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ISSUE 117 VOL 10 PUBLISHED 12/5/2003

Souls awaken to tradition

By Carl Schroeder
Staff Writer


Friday, December 5, 2003

Each year in early December, thousands of alumni, parents and guests arrive on campus; “Norwegian sweaters,” “lutefisk,” and "Beautiful Savior" become buzzwords in conversation; and hundreds of student musicians come together to continue one of America’s best-loved musical holiday traditions.

Since its founding in 1912 as a "worship service in song for the college community," the annual St. Olaf Christmas Festival has become an international holiday institution with a radio and television audience of millions.

This year’s Christmas Festival, "Awaken Our Souls, O God of Hope," runs through Sunday with over 16,000 people expected to attend. Music Professor and St. Olaf Choir Director Anton Armstrong, artistic director of the annual holiday program, says that this year’s Festival "has a powerful message at a time when our very beings have to be awakened, both as children of God, and in our role in serving others."

The Christmas Festival, which is presented as a worship service in Skoglund Auditorium, features the talents of over 500 singers and instrumentalists. The event’s vocal ensembles include the St. Olaf Choir, conducted by Armstrong, Cantorei, conducted by Music Professor John Ferguson, the Manitou Singers, conducted by Music Instructor Sigrid Johnson, and the Viking Chorus and Chapel Choir, both conducted by Music Professor Robert Scholz. The 92-member St. Olaf Orchestra, conducted by Music Professor Steven Amundson, is the program’s featured instrumental group.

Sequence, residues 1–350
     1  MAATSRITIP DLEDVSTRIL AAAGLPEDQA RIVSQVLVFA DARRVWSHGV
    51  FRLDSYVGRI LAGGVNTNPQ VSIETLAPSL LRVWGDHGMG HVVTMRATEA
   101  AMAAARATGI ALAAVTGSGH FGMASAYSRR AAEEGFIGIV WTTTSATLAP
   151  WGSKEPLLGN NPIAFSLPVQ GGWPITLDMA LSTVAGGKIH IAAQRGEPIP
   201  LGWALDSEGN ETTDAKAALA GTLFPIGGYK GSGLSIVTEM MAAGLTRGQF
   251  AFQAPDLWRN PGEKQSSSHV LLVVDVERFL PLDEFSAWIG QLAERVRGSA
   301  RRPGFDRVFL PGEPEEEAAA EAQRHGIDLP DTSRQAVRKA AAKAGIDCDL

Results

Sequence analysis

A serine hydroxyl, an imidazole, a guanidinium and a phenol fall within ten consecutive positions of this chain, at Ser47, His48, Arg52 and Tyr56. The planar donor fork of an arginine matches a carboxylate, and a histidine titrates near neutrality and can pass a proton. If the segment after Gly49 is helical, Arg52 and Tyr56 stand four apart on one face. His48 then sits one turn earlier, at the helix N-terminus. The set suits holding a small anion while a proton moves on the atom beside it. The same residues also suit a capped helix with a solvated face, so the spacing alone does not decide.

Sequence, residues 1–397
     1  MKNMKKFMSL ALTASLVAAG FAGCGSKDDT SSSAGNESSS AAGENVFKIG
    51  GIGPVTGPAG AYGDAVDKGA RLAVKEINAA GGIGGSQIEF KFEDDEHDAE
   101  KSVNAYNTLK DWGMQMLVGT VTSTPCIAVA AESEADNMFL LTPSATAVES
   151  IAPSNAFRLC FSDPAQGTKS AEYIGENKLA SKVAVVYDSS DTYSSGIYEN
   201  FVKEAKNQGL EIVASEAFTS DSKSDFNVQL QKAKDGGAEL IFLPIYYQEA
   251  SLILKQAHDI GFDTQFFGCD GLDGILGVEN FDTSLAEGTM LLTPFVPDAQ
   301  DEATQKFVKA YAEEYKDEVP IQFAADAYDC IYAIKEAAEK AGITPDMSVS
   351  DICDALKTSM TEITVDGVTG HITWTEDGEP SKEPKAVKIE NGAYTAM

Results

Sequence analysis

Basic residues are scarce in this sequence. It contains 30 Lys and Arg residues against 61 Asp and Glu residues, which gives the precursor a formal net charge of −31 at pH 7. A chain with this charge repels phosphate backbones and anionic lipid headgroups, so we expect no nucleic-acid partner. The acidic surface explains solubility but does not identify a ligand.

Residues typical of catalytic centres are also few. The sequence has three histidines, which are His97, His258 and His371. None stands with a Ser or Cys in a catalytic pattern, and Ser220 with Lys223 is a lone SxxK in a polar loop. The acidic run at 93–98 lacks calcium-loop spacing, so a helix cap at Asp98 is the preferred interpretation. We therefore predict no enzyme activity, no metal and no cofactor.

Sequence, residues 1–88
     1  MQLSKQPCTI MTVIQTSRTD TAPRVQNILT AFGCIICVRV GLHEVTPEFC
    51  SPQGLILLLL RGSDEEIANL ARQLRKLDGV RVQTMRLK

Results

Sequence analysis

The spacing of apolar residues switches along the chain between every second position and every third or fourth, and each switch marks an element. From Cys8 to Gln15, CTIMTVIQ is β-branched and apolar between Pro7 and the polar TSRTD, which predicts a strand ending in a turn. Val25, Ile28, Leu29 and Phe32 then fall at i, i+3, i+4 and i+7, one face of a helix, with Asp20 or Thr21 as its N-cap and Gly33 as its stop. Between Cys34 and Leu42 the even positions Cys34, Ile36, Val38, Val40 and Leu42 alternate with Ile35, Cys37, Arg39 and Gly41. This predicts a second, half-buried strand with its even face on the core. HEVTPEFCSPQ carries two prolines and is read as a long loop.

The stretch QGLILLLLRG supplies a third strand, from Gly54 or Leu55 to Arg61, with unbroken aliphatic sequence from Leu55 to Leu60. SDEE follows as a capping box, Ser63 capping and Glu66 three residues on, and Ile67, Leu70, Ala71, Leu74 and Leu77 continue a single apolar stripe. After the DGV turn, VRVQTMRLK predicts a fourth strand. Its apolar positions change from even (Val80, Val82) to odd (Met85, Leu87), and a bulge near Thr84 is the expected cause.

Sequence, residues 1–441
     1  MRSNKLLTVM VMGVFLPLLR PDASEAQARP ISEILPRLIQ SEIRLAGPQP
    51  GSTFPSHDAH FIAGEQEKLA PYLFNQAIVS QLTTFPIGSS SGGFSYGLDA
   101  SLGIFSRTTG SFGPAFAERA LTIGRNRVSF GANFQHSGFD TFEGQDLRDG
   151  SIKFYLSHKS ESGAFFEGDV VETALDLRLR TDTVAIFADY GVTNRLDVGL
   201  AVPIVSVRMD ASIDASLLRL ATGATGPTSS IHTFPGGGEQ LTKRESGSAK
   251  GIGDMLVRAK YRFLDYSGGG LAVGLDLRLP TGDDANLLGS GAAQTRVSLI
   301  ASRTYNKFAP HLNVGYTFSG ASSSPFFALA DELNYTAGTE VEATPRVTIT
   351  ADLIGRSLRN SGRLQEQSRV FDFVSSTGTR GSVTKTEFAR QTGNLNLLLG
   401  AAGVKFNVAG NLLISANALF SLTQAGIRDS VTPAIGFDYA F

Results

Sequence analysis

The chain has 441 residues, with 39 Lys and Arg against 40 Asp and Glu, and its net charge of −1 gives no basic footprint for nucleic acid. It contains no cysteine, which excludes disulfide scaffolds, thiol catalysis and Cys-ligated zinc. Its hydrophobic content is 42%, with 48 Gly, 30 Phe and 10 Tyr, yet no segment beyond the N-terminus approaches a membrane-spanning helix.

Planning for this year’s Christmas Festival began in January 2003, when the program’s artistic committee met to discuss a theme. "We thought about where we’re at in the world, and what people might be feeling," said Armstrong. Influenced in part by continuing repercussions of the events of Sept. 2001, the committee decided on the theme "Awaken Our Souls, O God of Hope."

"There’s a lot of music woven throughout the program that brings out the theme," said Armstrong, pointing to the hymns "Wake, Awake," and "Justice, O God" as examples.

This year’s program includes an array of hymns, carols, and other choral and orchestral works, many of them composed or arranged by current and past St. Olaf faculty members. One noteworthy piece on the program is the "Sanctus" by contemporary composer Dominic Argento, who was awarded an honorary degree by the college in October.

In addition to programming newer works, Armstrong said, "We also wanted to bring back some of the pieces that have shaped the Christmas Festival." He noted that some pieces, including the traditional closing tune, F. Melius Christiansen’s arrangement of "Beautiful Savior," served both purposes, since that hymn "is really about the final proclamation of the Lord of hope."

Armstrong was quick to point out that the Christmas Festival "isn’t a music department event; it’s a college event." The annual holiday program requires year-round faculty planning, administrative support, and coordination of St. Olaf’s many programs and services. For example, Bon Appetit, St. Olaf’s food service, served about 750 pounds of lutefisk and 850 pounds of meatballs during last year’s Christmas Festival.

In the end, though, Armstrong said, it’s the dedication of student musicians that allows St. Olaf’s signature event to occur each year. "What really makes it work is the talented students who commit themselves to the words and the powerful music," he said. For those students, Christmas Festival "is a sacrifice, but it’s a sacrifice worth making, because of the message it brings to so many people."

This year’s Christmas Festival will be broadcast live on WCAL 89.3 this Sunday at 3:30 p.m., and a nationally distributed version will air on public radio and television stations throughout the holiday season.





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